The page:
Getting offense a little at a time might not be the game a lot of LSU fans grew up with or expect.
But ready or not, that’s what college baseball has become with trends the last few years.
Of course what should make that much easier to accept is the kind of dominant pitcher the Tigers have flashed so far in 2012.
“That was kind of the template that we’re going to have to use if we’re going to win games and have a successful season,” LSU coach Paul Mainieri said after his team improved to 5-0 with a third shutout in five games. “Great pitching and defense and a determined, gritty approach at the plate.”
Gausman made sure the great pitching continued with a dazzling seven-inning stint to up his record to 2-0.
The sophomore right-hander allowed four hits, but only a handful of balls that reached the outfield. He fanned 7 – ending six innings with strikeouts – and shrugged off threats in the fifth and sixth frames.
Appalachian State cleanup hitter D.J. Kassouf struck out swinging vs. Gausman to end the first, fourth and sixth frames and stranded three runners. The Mountaineers were 0-for-5 with runners in scoring position.
“Our big focus was going in on these guys,” Gausman said. “We knew they were going to be aggressive.
“Early on we noticed how aggressive they were going they were going to be and saw the ugly swings they were taking at my breaking pitch.”
With Gausman was so sharp, Appalachian State’s threats never registered much because the Mountaineers (2-2) never got a leadoff man on base.
The most serious challenge came in the sixth when Preston Troutman beat out an infield single with two outs and Will Callaway punched a sharply hit ball through the infield. That brought up Kassouf, who Gausman said “never could figure out my curve ball.”
“I thought he was real sharp,” Mainieri said of Gausman. “That was big-time pitching.
“His command was much better (Friday). He got ahead of most hitters and threw some really good changeups. He was a complete pitcher (Friday).”
The Tigers’ defense lent a hand as well.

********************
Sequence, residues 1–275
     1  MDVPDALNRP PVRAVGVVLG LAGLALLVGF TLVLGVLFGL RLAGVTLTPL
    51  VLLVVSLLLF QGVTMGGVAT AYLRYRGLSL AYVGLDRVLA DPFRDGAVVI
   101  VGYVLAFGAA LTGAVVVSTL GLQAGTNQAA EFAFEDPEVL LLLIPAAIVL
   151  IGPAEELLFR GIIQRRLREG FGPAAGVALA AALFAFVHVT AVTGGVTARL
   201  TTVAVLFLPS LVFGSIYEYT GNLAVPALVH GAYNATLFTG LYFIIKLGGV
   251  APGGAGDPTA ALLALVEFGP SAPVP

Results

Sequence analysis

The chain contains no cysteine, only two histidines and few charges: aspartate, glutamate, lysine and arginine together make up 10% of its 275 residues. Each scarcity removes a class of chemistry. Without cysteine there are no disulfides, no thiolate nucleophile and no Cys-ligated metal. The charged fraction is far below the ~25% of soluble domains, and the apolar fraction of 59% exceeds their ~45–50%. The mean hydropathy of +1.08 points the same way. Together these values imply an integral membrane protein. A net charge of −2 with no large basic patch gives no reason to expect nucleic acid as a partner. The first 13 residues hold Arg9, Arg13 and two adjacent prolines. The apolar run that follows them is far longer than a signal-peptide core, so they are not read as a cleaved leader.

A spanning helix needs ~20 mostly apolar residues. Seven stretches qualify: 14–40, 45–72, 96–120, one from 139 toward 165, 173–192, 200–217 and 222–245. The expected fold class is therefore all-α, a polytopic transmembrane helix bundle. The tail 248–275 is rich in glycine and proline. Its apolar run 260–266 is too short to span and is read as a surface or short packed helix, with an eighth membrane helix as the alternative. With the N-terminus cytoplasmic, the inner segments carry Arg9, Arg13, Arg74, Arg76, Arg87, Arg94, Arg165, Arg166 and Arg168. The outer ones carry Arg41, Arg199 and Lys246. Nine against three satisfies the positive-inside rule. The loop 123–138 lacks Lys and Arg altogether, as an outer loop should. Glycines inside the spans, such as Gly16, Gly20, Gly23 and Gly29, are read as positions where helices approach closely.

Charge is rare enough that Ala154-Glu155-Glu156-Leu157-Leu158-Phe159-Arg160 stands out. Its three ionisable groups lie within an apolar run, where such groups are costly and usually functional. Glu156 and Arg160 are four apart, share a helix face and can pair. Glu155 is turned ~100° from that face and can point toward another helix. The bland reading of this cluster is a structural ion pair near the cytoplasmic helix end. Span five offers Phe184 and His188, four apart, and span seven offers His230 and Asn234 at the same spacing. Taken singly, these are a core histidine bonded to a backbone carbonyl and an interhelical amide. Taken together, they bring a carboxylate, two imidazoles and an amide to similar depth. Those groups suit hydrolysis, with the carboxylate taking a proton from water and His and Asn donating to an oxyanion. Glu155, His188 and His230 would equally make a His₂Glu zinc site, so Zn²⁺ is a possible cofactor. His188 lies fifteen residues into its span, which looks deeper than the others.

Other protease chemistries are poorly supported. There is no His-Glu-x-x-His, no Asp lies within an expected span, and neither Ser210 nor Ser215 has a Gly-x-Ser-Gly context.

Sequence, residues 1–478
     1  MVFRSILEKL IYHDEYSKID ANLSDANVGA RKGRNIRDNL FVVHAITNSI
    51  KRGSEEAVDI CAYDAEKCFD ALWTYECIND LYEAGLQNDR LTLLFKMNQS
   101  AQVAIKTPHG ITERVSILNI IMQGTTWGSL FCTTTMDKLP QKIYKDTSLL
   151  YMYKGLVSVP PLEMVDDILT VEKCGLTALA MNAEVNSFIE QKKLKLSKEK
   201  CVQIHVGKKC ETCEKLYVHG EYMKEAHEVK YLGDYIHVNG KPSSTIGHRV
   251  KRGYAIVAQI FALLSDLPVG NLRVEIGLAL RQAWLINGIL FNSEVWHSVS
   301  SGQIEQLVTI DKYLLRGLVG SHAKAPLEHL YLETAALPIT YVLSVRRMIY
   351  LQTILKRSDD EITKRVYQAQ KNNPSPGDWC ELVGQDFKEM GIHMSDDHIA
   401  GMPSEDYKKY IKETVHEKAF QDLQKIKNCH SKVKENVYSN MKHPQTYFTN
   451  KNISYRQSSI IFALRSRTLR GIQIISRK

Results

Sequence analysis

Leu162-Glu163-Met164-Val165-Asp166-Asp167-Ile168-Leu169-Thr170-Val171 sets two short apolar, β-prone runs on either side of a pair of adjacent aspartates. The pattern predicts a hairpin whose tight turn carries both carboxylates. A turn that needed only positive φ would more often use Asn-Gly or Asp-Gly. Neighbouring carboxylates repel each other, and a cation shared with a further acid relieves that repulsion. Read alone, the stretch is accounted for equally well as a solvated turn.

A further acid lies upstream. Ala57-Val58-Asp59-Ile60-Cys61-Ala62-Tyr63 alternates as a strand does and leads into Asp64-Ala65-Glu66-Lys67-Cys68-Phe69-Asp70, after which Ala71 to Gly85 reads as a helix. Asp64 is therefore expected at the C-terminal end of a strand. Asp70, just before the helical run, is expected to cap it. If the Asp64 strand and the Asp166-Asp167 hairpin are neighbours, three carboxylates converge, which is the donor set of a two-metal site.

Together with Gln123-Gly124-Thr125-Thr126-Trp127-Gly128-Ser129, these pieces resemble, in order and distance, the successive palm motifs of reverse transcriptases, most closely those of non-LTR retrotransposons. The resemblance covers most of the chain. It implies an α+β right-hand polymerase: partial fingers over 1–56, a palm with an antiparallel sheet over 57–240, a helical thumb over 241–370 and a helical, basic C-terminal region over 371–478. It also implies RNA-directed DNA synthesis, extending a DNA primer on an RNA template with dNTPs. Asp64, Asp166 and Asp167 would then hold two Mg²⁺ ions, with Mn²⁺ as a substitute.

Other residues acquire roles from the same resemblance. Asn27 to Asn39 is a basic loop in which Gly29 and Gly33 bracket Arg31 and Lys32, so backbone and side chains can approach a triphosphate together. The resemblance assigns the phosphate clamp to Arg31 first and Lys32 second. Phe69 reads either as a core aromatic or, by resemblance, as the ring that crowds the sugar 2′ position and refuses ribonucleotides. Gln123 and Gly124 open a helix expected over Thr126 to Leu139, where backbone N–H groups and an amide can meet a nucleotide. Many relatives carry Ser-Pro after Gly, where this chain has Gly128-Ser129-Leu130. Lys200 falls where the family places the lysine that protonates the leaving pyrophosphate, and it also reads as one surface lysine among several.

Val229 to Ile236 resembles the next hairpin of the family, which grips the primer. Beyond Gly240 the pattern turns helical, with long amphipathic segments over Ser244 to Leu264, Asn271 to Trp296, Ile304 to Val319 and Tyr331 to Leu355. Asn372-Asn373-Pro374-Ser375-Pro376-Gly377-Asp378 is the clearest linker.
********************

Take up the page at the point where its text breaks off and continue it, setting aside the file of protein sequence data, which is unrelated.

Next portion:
|LSU second baseman Casey Yocom completes a doubleplay to end the ASU third inning.|
After nine-hole hitter Tyler Zupcic blooped a one-out single to center, leadoff man Hector Crespo scorched a ground ball inside the left-field line that seemed destined for extra bases. But LSU third baseman Tyler Hanover gobbled up the ball and triggered a 5-4-3 double play that Mainieri deemed “the play of the game.”
ASU starter Seth Grant wasn’t a breeze for the Tigers either.
LSU collected seven hits against him, but had to peck away with single runs in the second, third and fourth innings. Grant evaded major damage by keeping the ball down in the strike zone and consistently getting ground balls to wiggle out of trouble.
“That kid was a good pitcher,” Mainieri said. “We really had to battle against him.”
The Tigers drew first blood in the second inning when Mason Katz rammed a leadoff single to right field, Austin Nola worked Grant for a two-out walk on a full count to bring up Ross. After missing the last two games with a sore shoulder, the LSU catcher jerked an RBI single to right field.
Ross produced another single in the fourth to set up a run and walked in his final two at-bats. He’s 6-for-9 this season with 4 RBIs.
“I was trying to hit the ball the other way and battle with two strikes,” Ross said of his RBI hit. “Keep the innings alive.”
LSU’s second run was efficiently manufactured when Hanover drew a leadoff walk, scooted to second on Casey Yocom’s grounder to short and raced home when Raph Rhymes whipped a single to center field.
In the fourth inning, Nola walked again with one out and Ross popped his second hit to right to put runners on the corners. Grant Dozar chopped back to Grant, who spun and threw off-target to Callaway covering second base, and that prevented a double play, which allowed Nola to score.
|Austin Nola: 2 walks, 2 runs scored and another solid defensive night in the Tigers' 4-0 triumph.|
Grant got the first two outs of the sixth inning before Nola dumped a single into center field. Mountaineers’ coach Chris Pollard lifted Grant for Chad Farmer, who walked Ross and then surrendered a pinch-hit single to Foster, his 5th RBI.
That was plenty of cushion for Aaron Nola.
Taking over in the eighth inning, Nola breezed through two scoreless frames. He struck out 4, one after Rhymes muffed a routine fly ball in left field for a three-base error. Nola threw 29 pitches, 21 for strikes.
In 5 innings covering three appearances, Nola has permitted one hit and one run while striking out 8 without a walk.
“I’m just sitting there waiting until my name gets called,” Nola said. “I try to look at each hitter and see what their weaknesses are.”
The Tigers and ASU resume the series at 2 p.m. Saturday, with Ryan Eades slated to match up with Mountaineers’ senior righty Ryan Arrowood.